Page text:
Unpublished Dispositionunited States of America, and Antoinette Ray, Revenueofficer of the Internal Revenue Service,petitioners-appellees, v. David H. Raaflaub, Respondent-appellant, 826 F.2d 1065 (6th Cir. 1987)Annotate this Case
Before MERRITT, Circuit Judge, and EDWARDS and CONTIE, Senior Circuit Judges.
This pro se taxpayer appeals the district court's order enforcing the petitioner's tax collection summons. Upon examination of the record and the parties' briefs, this panel unanimously agrees that oral argument is not needed. Fed. R. App. P. 34(a).
The respondent taxpayer did not file tax returns for 1982, 1983 and 1984. After respondent failed to reply to letter requests, the tax collection officer issued an administrative summons, pursuant to 26 U.S.C. § 7602, ordering the respondent to appear and produce certain records to determine his income for the years in question. Despite several extensions to comply, respondent refused to appear or respond. The collection officer then filed the enforcement action herein. The taxpayer responded by filing four motions attacking the validity of the enforcement petition on the basis of the form of pleading and requesting an extension of time. At a show cause hearing, the court denied these motions as wholly frivolous. The court then granted the order enforcing the agency's summons.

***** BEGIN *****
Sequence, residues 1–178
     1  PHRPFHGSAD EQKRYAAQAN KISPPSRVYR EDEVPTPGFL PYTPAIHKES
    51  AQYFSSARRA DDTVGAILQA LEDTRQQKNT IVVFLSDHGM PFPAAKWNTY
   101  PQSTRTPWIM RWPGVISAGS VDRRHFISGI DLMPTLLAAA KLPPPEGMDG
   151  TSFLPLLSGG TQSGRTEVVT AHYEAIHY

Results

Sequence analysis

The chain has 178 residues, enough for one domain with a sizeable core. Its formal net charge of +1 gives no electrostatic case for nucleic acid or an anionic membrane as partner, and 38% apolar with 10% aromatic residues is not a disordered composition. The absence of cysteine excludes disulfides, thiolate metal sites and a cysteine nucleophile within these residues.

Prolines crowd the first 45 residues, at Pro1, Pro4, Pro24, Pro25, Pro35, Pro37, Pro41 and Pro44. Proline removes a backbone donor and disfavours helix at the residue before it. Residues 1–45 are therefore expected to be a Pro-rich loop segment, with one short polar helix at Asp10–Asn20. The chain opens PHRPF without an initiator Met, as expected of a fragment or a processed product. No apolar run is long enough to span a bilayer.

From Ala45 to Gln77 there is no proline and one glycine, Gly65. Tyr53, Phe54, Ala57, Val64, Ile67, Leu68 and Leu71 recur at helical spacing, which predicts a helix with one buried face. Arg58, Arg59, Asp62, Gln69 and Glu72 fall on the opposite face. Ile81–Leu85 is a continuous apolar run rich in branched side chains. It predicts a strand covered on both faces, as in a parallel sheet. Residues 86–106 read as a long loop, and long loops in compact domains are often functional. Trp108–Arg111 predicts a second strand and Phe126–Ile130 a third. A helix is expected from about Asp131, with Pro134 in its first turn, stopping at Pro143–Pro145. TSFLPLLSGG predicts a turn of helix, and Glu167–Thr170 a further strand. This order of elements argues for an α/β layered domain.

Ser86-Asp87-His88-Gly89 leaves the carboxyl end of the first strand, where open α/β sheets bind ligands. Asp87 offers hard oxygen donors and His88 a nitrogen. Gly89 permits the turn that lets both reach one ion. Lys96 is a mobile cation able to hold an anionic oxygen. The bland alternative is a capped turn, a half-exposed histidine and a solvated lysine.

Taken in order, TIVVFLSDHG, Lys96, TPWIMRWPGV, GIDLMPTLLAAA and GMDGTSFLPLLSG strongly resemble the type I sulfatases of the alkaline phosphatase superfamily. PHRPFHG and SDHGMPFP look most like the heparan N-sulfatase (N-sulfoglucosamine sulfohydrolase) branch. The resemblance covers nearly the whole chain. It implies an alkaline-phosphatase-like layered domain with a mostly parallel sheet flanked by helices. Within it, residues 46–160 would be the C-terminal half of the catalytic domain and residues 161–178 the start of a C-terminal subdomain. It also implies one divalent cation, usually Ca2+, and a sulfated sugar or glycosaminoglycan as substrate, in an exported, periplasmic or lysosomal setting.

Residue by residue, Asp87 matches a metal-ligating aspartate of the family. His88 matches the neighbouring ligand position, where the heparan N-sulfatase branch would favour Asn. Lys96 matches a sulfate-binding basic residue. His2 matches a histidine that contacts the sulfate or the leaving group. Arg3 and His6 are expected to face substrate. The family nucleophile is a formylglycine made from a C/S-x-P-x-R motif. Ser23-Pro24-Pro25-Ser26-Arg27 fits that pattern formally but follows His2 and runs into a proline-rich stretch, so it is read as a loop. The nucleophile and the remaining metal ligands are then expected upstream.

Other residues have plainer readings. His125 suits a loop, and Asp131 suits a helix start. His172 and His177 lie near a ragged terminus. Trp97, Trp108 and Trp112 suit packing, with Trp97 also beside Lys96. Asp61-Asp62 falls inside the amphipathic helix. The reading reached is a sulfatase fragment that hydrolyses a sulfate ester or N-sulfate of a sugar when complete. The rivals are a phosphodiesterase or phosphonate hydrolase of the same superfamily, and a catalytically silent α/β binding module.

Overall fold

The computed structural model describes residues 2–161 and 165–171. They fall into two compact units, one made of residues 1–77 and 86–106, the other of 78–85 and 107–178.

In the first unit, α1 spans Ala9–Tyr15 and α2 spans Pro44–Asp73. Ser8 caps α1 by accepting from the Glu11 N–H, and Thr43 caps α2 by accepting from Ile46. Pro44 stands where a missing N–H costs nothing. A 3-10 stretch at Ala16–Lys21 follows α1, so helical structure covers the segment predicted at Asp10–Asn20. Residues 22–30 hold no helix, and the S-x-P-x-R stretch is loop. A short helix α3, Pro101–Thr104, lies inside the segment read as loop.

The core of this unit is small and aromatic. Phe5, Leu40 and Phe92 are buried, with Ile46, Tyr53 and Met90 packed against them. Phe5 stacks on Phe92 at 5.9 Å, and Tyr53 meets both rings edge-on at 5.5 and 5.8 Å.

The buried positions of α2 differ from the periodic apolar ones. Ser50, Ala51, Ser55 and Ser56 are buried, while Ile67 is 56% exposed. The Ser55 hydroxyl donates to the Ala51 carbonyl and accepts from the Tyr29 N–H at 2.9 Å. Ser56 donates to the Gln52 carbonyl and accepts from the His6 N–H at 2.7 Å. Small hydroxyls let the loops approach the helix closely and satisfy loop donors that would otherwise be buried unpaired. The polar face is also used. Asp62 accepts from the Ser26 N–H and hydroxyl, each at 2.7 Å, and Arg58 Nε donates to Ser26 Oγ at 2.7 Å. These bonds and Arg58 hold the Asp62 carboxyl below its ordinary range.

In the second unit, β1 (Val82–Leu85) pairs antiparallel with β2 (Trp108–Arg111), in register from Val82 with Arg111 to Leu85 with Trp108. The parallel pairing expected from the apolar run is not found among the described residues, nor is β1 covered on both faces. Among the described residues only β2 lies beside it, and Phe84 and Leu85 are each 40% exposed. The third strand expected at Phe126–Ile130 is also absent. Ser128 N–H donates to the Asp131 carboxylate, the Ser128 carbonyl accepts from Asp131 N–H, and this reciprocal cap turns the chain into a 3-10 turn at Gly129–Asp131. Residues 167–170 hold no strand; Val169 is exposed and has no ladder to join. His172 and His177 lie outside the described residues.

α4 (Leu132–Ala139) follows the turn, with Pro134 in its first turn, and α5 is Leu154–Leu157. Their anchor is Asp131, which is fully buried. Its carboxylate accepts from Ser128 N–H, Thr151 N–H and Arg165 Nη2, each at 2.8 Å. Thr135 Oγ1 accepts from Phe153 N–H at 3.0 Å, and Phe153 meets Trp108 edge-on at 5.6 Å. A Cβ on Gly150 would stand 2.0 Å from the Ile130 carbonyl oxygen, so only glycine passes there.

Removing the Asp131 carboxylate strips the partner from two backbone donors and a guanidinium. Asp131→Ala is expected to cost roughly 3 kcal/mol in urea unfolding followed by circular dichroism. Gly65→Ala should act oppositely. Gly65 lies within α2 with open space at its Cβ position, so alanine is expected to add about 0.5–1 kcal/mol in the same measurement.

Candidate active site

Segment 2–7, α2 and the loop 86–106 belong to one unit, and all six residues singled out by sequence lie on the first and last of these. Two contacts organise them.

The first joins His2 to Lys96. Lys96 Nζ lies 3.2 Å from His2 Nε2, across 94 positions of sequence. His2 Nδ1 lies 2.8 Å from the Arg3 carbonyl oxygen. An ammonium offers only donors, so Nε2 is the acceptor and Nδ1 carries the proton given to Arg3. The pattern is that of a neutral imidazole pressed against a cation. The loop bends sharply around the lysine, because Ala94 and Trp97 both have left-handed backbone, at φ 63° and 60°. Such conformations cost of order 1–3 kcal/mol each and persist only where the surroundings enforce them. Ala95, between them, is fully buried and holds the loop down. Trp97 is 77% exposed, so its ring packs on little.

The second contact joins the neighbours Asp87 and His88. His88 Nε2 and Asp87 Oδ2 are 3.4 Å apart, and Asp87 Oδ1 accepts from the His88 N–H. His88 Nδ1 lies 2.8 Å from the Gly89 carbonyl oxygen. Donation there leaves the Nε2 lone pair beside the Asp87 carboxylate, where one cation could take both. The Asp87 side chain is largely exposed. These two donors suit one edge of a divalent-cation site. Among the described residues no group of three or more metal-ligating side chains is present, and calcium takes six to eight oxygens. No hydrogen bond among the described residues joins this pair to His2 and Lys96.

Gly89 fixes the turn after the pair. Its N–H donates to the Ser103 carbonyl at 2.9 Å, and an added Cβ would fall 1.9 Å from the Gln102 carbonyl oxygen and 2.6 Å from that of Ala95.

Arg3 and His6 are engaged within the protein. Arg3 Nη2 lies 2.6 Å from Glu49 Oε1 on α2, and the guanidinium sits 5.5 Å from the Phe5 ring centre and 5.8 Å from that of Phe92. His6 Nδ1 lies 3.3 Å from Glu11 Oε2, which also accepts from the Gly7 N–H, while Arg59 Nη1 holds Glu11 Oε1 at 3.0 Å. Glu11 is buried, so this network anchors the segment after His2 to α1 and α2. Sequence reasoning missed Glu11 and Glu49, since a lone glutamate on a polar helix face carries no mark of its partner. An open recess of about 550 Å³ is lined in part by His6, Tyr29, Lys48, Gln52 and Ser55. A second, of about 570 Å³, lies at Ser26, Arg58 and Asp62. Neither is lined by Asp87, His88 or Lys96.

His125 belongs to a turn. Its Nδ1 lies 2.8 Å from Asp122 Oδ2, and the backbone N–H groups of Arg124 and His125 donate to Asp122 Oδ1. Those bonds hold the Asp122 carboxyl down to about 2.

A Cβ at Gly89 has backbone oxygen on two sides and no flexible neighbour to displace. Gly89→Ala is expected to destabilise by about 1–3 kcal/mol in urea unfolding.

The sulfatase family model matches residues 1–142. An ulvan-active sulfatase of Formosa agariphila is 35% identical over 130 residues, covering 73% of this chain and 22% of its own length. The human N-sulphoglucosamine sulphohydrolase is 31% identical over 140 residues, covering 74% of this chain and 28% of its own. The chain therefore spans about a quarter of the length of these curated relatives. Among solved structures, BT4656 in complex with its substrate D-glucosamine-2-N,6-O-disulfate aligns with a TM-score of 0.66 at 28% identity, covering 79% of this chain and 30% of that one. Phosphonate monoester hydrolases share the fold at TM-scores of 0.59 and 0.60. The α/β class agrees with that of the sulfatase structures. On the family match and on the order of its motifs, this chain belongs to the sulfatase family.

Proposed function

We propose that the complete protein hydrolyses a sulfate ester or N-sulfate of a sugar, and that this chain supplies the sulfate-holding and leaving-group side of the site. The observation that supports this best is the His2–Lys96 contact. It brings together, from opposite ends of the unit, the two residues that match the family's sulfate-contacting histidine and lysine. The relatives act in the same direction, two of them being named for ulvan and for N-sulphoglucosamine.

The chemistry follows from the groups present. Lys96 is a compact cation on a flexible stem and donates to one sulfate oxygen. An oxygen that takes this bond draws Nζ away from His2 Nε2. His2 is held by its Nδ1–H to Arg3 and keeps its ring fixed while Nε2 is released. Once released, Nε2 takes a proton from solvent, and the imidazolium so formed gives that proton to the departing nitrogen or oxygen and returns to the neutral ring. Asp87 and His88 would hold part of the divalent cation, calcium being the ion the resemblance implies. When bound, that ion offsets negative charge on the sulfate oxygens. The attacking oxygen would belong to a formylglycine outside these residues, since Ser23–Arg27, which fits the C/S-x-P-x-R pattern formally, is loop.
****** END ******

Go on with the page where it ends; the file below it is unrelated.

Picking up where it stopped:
On appeal respondent propounds the same arguments he raised before the district court. We agree that each argument is without merit. The styling of the proceeding as a petition is clearly appropriate. 26 U.S.C. § 7604(b); United States v. Dick, 694 F.2d 1117, 1118 (8th Cir. 1982) (per curiam). An examination of the petition and accompanying affidavit shows that the agency otherwise complied completely with the requirements for enforcement actions as set forth in United States v. Powell, 379 U.S. 48, 57-58 (1964). See United States v. LaSalle National Bank, 437 U.S. 298, 308-317 (1978); United States v. Will, 671 F.2d 963, 968 (6th Cir. 1982). We conclude that respondent failed to make a sufficient showing to entitle him to further discovery or to an extension of time. Therefore, we agree that the district court correctly dismissed respondent's motions and ordered his compliance with the summons.
In its brief, the agency moves for damages pursuant to Fed. R. App. P. 38 because this appeal is frivolous. This court has given notice that damages would be assessed in appropriate tax cases which were frivolous or taken for the purpose of delay. Schoffner v. Commissioner, 812 F.2d 292, 294 (6th Cir. 1987) (per curiam); Martin v. Commissioner, 756 F.2d 38, 41 (6th Cir. 1985). Because the arguments in this case are clearly without merit, we find it appropriate for the assessment of damages. The government has suggested the figure of $1500.00 as a suitable award. We find this figure to be reasonable and adopt it as the measure of damages in this case.
Accordingly, the judgment of the district court is affirmed under Rule 9(b) (4), Rules of the Sixth Circuit. The government is awarded $1500.00 in damages.